When it comes to home decor and renovation, thinking about the roof is rarely the most exciting thing you’ll consider. It’s one of those things that we all hope will last forever, but we know deep down it won’t. When the time comes to replace it, there are a lot of factors to consider, but investing the time to make sure you make the right choice will always pay off. We’ll go over the 5 most crucial factors to consider when you talk to your contractor.

1. Your climate

If you live in a warm area, you’ll need a roof that can withstand the heat and sun without cracking or needing frequent maintenance. If you live in an area with lots of snow and cold weather, you will need a roof that can shed the snow load without causing a build-up, sagging, or flooding. Some roofs are made to outlast every type of weather, like metal roofs, while others have strengths that lie in improving the energy efficiency of your home or withstanding high winds.

2. The materials

There are many types of deck material and there are many roofing materials too, to choose from, each with their own pros and cons. The type of material you choose for your roof will affect the cost, weight (which can affect structural requirements), noise factor (if it’s noisy when it rains, that might bother you at night) and durability.

Asphalt Shingles

Asphalt shingles are the most commonly used roof tiles in America. They come in a variety of styles and colors. They’re lightweight, affordable, durable, easy to install and upgrade. Inexpensive, but they have a short lifespan (about 15-20 years). They require regular maintenance to keep them effective at preventing water from leaking into your home.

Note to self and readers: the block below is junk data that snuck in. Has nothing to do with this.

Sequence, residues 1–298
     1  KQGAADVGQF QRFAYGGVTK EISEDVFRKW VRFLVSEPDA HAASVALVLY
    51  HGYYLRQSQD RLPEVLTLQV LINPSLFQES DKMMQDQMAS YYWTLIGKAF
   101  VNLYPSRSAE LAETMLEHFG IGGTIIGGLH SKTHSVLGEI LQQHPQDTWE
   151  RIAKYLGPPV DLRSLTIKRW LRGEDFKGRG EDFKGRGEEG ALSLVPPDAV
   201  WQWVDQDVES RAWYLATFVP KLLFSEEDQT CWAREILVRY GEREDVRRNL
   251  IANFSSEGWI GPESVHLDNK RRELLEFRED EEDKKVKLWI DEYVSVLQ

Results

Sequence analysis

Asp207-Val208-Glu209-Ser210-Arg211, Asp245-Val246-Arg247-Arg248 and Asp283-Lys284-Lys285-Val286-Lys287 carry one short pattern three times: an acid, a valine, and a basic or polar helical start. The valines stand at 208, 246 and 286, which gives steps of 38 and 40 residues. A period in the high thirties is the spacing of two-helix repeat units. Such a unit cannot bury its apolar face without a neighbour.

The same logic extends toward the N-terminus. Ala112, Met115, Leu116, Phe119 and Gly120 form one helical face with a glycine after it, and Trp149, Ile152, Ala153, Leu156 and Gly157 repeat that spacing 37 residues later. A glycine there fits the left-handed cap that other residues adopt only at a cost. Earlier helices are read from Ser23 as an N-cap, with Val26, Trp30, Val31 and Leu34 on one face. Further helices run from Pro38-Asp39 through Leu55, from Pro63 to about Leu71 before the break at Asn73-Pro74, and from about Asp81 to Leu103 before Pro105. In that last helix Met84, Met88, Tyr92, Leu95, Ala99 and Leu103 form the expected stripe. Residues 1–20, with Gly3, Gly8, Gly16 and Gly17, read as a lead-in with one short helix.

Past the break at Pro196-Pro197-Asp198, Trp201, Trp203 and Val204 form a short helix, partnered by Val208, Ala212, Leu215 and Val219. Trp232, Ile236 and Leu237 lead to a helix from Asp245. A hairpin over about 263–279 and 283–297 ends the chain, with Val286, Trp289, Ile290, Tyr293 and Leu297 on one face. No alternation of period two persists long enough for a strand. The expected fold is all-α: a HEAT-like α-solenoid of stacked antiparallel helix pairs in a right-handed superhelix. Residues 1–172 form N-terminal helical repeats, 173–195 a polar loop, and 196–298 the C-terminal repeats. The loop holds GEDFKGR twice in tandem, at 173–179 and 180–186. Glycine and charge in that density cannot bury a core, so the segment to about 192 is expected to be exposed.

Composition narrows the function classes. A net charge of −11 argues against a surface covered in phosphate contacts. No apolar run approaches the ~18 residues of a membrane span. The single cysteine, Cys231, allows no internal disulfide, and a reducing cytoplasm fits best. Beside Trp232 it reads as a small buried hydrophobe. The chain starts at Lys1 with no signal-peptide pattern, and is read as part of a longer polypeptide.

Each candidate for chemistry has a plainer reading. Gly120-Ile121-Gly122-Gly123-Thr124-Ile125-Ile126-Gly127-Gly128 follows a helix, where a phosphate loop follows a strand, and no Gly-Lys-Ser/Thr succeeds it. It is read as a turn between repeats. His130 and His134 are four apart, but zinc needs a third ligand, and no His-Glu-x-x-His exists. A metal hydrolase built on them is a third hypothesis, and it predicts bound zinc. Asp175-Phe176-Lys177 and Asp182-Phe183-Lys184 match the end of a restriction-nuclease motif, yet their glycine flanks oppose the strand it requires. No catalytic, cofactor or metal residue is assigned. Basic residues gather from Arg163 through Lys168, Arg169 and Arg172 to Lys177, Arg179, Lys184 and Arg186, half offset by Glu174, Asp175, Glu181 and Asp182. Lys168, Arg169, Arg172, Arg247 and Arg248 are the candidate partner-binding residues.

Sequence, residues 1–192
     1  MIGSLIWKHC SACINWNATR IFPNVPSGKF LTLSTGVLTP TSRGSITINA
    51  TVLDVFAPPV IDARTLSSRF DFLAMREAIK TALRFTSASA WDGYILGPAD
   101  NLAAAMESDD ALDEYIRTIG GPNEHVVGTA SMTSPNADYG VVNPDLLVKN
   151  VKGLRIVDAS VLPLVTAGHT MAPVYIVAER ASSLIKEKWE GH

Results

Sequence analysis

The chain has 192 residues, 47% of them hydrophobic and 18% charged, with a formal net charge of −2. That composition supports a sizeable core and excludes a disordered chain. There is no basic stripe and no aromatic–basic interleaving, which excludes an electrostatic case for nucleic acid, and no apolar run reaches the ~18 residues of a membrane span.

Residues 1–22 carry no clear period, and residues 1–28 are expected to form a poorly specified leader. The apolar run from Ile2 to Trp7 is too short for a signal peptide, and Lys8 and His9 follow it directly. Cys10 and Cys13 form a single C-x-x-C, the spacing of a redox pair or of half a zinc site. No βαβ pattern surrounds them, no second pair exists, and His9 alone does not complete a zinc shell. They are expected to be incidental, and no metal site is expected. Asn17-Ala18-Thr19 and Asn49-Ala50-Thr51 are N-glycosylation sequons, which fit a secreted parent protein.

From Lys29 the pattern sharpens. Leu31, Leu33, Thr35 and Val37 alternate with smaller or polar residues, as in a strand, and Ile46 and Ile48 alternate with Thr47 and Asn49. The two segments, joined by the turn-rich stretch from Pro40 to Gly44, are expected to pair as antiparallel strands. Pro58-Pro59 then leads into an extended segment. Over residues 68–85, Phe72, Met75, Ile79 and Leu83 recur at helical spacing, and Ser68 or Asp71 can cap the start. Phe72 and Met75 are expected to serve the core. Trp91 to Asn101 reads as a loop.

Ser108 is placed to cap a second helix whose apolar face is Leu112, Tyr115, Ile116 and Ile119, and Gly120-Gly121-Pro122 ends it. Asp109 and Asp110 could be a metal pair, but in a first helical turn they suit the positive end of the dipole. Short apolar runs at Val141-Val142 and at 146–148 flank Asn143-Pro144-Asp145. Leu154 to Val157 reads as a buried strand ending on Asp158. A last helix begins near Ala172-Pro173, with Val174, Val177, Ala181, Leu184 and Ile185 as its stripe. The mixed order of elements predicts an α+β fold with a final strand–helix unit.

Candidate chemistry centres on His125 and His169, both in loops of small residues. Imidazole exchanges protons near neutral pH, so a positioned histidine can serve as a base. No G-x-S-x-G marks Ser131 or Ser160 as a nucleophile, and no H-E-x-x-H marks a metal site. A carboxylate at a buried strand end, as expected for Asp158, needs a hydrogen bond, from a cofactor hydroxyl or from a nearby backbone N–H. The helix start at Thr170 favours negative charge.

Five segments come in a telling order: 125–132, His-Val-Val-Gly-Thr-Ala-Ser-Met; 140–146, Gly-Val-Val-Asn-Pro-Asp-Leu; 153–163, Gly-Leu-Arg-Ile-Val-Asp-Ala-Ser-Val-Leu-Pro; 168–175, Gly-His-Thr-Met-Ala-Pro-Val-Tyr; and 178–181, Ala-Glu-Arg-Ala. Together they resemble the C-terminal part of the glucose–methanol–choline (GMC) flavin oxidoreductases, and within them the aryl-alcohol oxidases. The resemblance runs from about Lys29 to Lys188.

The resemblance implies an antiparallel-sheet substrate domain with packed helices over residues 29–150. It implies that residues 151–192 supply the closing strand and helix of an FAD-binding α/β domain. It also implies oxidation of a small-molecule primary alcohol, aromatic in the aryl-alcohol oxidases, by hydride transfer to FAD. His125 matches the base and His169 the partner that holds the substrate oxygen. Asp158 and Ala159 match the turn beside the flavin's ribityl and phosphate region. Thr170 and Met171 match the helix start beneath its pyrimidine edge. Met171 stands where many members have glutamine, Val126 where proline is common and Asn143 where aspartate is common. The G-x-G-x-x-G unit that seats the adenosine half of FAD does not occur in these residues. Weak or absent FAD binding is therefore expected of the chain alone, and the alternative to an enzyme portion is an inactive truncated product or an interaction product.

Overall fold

Clay Tiles

Clay tiles are made from natural materials and come in a variety of shapes and sizes. They’re exceptionally durable, can last for up to 100 years with proper maintenance, and are fire-resistant. They’re also one of the most expensive roofing options.

Metal Roofs

Metal roofs are becoming increasingly popular in North America. They’re made from a wide range of metals, all with their own advantages and disadvantages. Because they come in different thicknesses for different load-bearing needs, they can be stronger than any other option, but that also creates some limitations as to their shape and size of them. In general, because metal roofs are lighter than shingle roofs of the same strength, they can be more susceptible to wind damage if not installed correctly. Metal roofs should last up to 50 years and don’t require a lot of maintenance when installed properly.

Slate Tiles